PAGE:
Empirical evidence such as underground observations remains one of the most important aspects of rockburst support design. Support systems have various elements with different stiffnesses. Mesh is compliant and can deform in decimeters. Yielding tendons can absorb kilojoules of energy and deform in centimeters. Weak links (Simser, 2007) can render the system ineffective, for example, a sharp-edged bolt plate guillotines the mesh. Soliciting the capacity of elements, especially tendons, is not obvious in the field. Rock outward crushing does not necessarily transfer load effectively to a yielding bar with small cross-sectional area (e.g. 22 mm diameter tendons). The plate connection has to both transfer load efficiently and prevent mesh punching. The following sections provide examples of rockburst in hard rock mines. Additional risk mitigation strategies were in place: mainly exclusion periods (re-entry protocols) or restricted access (failure areas were behind barricades) and no injuries occurred in the cases shown.
One of the difficulties in predicting future rockbursts is that the lead-up to the event may be very subtle. The example shown in Section 3.1 was triggered by a stope blasting. There were no obvious visual signs of support systems taking load prior to the blast (bolt plates bending, mesh with accumulations of loose rock and so on). The example shown in Section 3.2 is a stope cross-cut that had been developed six years earlier. Again, visual observations of the local ground support did not provide indication for the pending rockburst. Simser, 2017a, Simser, 2017b showed, in hindsight, that signs of stress buildup could be inferred from the seismic history, but more work is required to make reliable forecasts.
Rockburst damage of weld mesh and rebar support
Tunnels in high-stress/brittle rock can develop a tightly spaced stress fractured zone around the opening. Often this material ejects during a burst. Strain energy around the opening is concentrated at the interface between the fractured rock and the intact rock just beyond it. The fracture zone dilates, and shears, using up some of the ground support system capacity over time. The inherent rock mass strength is also reduced: cohesion loss, and dilation-induced frictional loss. Waveform amplification from far-field seismic events occurs at free surfaces and in the fracture zone around the openings (Van Sint Jan and Alvina, 2008). The damage shown in Fig. 3 is induced by a near-by stope blast and a moment magnitude 1.1 seismic event a few milliseconds later.
The violent failure occurred predominantly in stress fractured material in the back of the drive. High horizontal stress and a flat structure coming over the tunnel were present. The flat structure effectively traps stress between it and the opening, creating a more intense and deeper fracture zone than that normally observed in this part of the mine. The burst material was high-strength granitic rock (unconfined compressive strength (UCS) of ∼250 MPa) surrounded by a low-strength ore zone (UCS of ∼120 MPa). The stiffer/stronger rock concentrated load, and the stored strain energy was suddenly released by the stope blast and/or seismic event.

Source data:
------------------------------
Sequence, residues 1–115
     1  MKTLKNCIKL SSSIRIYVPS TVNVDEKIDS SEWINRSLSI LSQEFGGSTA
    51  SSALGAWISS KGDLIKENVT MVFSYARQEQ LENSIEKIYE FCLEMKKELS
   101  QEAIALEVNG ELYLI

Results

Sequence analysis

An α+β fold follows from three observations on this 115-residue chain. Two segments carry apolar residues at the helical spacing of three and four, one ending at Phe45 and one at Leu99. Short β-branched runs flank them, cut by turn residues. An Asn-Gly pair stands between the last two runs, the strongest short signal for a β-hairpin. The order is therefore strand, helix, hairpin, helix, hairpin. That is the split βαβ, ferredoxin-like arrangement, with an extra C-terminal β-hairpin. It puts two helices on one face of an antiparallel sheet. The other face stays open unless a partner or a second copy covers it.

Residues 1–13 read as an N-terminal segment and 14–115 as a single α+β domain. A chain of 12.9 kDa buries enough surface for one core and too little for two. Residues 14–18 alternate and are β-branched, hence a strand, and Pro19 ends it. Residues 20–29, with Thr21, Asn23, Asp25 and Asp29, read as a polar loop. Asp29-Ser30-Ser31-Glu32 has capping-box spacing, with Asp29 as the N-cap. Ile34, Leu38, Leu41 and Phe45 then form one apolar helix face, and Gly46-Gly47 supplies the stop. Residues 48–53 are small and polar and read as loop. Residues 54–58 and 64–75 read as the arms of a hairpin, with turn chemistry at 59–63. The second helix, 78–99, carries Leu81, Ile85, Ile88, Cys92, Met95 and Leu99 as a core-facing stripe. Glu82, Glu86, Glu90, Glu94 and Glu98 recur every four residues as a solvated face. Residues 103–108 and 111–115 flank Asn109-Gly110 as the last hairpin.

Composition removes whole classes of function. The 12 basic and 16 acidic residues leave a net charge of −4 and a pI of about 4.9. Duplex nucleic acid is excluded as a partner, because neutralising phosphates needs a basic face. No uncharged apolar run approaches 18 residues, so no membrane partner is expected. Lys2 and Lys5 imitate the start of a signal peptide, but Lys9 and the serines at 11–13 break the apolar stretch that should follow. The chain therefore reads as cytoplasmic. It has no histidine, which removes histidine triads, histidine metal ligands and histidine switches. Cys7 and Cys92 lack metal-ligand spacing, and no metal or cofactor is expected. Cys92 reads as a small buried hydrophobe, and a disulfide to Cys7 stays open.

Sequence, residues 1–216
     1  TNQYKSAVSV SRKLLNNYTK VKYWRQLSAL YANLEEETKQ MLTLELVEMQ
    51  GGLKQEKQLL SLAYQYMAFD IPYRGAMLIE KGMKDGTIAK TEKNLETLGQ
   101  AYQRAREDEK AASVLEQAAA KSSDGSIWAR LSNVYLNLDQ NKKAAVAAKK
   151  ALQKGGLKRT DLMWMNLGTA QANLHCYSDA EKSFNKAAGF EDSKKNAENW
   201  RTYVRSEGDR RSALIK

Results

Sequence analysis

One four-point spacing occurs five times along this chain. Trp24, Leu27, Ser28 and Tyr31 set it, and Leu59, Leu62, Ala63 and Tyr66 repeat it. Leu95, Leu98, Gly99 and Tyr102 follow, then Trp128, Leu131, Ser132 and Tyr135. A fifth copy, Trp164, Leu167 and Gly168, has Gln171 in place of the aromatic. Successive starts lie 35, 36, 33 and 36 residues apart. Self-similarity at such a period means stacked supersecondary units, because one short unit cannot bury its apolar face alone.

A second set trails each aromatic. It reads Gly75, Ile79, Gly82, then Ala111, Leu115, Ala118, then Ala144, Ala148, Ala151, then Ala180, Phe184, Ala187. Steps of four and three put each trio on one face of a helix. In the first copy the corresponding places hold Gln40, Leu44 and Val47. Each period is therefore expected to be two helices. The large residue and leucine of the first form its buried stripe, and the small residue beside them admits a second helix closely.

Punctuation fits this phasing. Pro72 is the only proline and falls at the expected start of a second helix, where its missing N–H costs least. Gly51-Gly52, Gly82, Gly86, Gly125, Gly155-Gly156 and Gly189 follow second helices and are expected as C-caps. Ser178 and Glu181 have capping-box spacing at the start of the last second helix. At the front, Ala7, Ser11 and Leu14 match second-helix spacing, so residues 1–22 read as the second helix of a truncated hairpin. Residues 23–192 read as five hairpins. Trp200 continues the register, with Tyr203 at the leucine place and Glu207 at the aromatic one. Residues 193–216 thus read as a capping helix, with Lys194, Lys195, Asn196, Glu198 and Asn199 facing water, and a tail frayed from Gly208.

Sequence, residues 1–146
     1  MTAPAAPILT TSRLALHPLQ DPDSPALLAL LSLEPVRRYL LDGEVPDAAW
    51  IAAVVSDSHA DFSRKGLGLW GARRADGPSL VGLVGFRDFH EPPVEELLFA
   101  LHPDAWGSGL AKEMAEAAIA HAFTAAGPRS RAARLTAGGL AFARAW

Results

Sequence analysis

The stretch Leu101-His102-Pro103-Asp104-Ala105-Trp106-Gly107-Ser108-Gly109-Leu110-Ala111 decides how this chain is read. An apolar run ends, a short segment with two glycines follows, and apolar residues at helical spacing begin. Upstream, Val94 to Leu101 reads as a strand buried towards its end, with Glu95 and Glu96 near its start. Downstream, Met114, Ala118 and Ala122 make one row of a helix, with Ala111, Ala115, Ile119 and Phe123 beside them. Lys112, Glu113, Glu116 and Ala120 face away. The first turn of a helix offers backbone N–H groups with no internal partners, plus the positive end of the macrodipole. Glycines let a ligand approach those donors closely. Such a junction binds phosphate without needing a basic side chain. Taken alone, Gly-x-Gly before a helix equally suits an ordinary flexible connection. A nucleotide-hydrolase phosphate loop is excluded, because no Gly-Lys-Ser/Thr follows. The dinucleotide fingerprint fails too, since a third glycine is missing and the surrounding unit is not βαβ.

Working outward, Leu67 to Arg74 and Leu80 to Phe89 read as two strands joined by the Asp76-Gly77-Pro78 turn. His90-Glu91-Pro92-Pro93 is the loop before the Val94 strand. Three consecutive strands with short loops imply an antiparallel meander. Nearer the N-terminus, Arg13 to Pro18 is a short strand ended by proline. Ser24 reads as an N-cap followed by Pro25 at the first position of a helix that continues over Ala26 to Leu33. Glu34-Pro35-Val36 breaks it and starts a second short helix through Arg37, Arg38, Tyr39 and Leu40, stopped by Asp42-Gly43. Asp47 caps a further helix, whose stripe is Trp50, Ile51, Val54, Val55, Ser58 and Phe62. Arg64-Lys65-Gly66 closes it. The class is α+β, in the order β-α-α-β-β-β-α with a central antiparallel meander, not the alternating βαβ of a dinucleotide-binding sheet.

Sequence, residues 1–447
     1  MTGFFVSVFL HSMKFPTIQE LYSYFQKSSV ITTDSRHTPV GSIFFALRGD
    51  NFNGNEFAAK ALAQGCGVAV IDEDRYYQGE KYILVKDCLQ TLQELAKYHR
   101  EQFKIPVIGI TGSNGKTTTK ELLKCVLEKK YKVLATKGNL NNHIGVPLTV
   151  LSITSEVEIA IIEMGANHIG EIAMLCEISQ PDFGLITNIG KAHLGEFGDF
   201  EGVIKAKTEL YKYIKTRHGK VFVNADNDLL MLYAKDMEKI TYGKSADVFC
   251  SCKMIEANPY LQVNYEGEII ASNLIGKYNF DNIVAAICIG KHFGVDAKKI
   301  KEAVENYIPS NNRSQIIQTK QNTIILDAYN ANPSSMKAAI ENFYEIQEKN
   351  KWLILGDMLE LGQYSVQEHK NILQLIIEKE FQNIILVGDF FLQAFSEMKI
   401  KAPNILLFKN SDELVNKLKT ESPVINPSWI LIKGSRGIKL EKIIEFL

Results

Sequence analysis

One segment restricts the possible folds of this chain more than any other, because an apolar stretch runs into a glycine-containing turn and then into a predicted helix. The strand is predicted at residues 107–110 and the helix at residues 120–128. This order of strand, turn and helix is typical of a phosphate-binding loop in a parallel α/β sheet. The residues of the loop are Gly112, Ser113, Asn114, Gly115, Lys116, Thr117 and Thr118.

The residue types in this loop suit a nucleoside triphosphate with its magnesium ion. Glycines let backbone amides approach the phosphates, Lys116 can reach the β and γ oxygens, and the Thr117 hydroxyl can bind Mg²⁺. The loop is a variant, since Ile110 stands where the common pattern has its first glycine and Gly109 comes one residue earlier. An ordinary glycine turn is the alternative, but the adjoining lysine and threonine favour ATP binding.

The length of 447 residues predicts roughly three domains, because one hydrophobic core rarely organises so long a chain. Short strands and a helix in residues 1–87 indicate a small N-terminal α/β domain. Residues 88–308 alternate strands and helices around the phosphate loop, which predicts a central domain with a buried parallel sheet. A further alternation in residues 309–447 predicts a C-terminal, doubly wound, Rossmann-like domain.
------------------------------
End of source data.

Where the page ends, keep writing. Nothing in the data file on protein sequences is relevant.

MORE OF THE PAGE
Fig. 4 shows a zoomed-in view of the burst. Numerous instances of weld mesh failure occurred, which was often triggered by sharp edged plates guillotining the wire strands, as did both tensile and shear failures of the rebar support. Several bars did not break but had the stress fractured rock being unraveled around them.
The mine used central blasting and did not allow re-entry into nearby areas until seismic monitoring results have been evaluated (re-entry protocol). In this case, these measures adequately managed the risk of rockburst. The knowledge gained from the incident led to more widespread use of rockburst support, with local waste rock gaps being identified as higher risk locations.
Dyke fragment burst
Geological dykes can be notoriously fine-grained and exceptionally strong. The dyke material shown in Fig. 1 is fine-grained with high-strength (UCS > 400 MPa), but very erratically distributed in the overall rock mass. Brecciated dyke fragments in this mine vary in sizes from tens of cubic centimeters to tens of cubic meters. The seismic event that triggered the burst was a moment magnitude 1.6 event located close to the observed damage, and within a blast re-entry protocol. The original development took place 6 years ago before the observed damage. The coiled spring was released when the seismic event wave passed (Simser, 2017a, Simser, 2017b). The small fragmentation and high ejection velocity require a safety net to catch the flying rock. Mesh with high deformation capacity is necessary. Transferring the dynamic load to the yielding tendon is also a challenge – large footprint plates or plate enhancements (e.g. plates over straps) improve the overall system performance.
Dynamic support enhancements
Fig. 5, Fig. 6, Fig. 7 show the examples of adding support system enhancements to lower the risk of weak links failing. Support design can be misleading if the details of a well-designed support system are not carefully considered. For example, a dynamic bolt with capacity of 40 kJ installed in a 1 m × 1 m pattern could produce a support system capacity of 40 kJ/m2. If the material flies out between the bolts, the plates prematurely buckle and pull over the bolts. The mesh retaining system fails, and then the design is a false sense of security.